Councils will from this summer have a legal duty to provide support such as therapy, advocacy and counselling in safe accommodation, including refuges, to victims of domestic abuse and their children, after the Domestic Abuse Bill this week (29 April) received Royal Assent.
The Ministry of Housing, Communities and Local Government said councils had been given a share of £125m to fund the new duty, including commissioning additional vital support services for victims and improving links between existing local services.
The new duty is expected to come into force during the summer, but councils were asked to begin work from 1 April.
The Act will also give those who are homeless as a result of domestic abuse priority need for accommodation secured by the council, “helping to ensure victims do not remain with their abuser for fear of not having a roof over their head”.
The MHCLG said that under the Act, victims of domestic abuse with a lifetime social tenancy who need to flee their current home to escape abuse, and are granted a new council tenancy, will have their security of tenure protected in their new social home.
Minister for Rough Sleeping & Housing, Eddie Hughes, said: “Domestic abuse is a heinous crime and it is vital that victims and their children are given the support they need to recover and rebuild their lives.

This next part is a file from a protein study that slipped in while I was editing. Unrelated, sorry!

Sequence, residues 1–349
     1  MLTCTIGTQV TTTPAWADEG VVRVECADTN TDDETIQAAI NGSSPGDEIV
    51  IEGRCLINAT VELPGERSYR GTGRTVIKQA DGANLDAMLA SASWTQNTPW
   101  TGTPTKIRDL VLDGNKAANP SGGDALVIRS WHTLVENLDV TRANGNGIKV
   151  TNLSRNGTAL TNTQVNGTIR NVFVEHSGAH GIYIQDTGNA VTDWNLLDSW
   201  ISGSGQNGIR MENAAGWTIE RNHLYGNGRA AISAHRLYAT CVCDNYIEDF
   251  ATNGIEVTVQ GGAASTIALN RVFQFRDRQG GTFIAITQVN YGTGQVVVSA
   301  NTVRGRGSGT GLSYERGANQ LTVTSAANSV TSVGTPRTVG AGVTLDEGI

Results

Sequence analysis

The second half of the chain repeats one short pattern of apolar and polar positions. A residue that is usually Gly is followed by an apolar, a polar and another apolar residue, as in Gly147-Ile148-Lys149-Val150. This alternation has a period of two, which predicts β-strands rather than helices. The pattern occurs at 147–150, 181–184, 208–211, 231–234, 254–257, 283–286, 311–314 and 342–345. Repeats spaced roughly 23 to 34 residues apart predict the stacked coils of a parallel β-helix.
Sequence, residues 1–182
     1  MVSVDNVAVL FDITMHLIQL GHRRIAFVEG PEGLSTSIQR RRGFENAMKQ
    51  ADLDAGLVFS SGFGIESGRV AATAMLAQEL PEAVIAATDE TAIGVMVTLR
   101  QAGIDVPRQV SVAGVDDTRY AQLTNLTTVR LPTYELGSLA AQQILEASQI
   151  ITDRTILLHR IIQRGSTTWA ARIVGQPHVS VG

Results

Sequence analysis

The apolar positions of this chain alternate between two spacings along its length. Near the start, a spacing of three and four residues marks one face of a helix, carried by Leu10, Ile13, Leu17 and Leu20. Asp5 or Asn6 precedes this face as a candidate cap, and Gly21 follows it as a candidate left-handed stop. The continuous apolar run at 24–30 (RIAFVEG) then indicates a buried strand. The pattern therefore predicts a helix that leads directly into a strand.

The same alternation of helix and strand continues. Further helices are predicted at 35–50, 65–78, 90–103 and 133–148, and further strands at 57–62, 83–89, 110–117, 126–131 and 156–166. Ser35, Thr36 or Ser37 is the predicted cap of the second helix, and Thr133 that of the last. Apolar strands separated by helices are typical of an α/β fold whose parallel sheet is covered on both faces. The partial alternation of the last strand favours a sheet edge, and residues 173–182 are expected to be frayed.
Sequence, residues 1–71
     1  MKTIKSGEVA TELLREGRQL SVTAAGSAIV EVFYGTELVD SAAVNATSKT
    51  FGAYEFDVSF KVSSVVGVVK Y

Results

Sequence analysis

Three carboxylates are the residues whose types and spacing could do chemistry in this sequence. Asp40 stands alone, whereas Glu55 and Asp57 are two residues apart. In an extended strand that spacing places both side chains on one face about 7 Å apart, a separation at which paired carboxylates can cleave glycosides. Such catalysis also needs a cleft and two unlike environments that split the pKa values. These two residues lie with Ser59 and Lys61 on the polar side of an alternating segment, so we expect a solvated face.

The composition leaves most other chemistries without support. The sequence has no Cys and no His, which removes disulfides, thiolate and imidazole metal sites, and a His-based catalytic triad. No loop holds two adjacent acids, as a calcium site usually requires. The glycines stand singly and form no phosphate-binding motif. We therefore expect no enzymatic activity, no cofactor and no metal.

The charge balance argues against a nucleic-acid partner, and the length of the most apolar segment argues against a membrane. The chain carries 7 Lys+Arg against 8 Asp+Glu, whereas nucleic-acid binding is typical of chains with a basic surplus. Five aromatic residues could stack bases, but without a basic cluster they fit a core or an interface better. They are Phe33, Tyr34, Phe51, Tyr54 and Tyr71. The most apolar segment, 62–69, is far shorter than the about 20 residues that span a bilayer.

“The new duty on councils through the landmark Domestic Abuse Act will ensure that no one is turned away from life-saving support.”
The Act also:
- Introduces for the first time an all-purpose legal definition of domestic abuse which incorporates a range of abuses beyond physical violence, including emotional, coercive or controlling, and economic abuse
- Establishes in law the office of Domestic Abuse Commissioner and sets out the Commissioner’s functions and powers;
- Bans perpetrators of abuse from cross-examining their victims in person in the civil and family courts in England and Wales;
The MHCLG Statutory Guidance and Regulation consultation process will follow Royal Assent of the Domestic Abuse Bill, after which the new regulations will be laid in Parliament.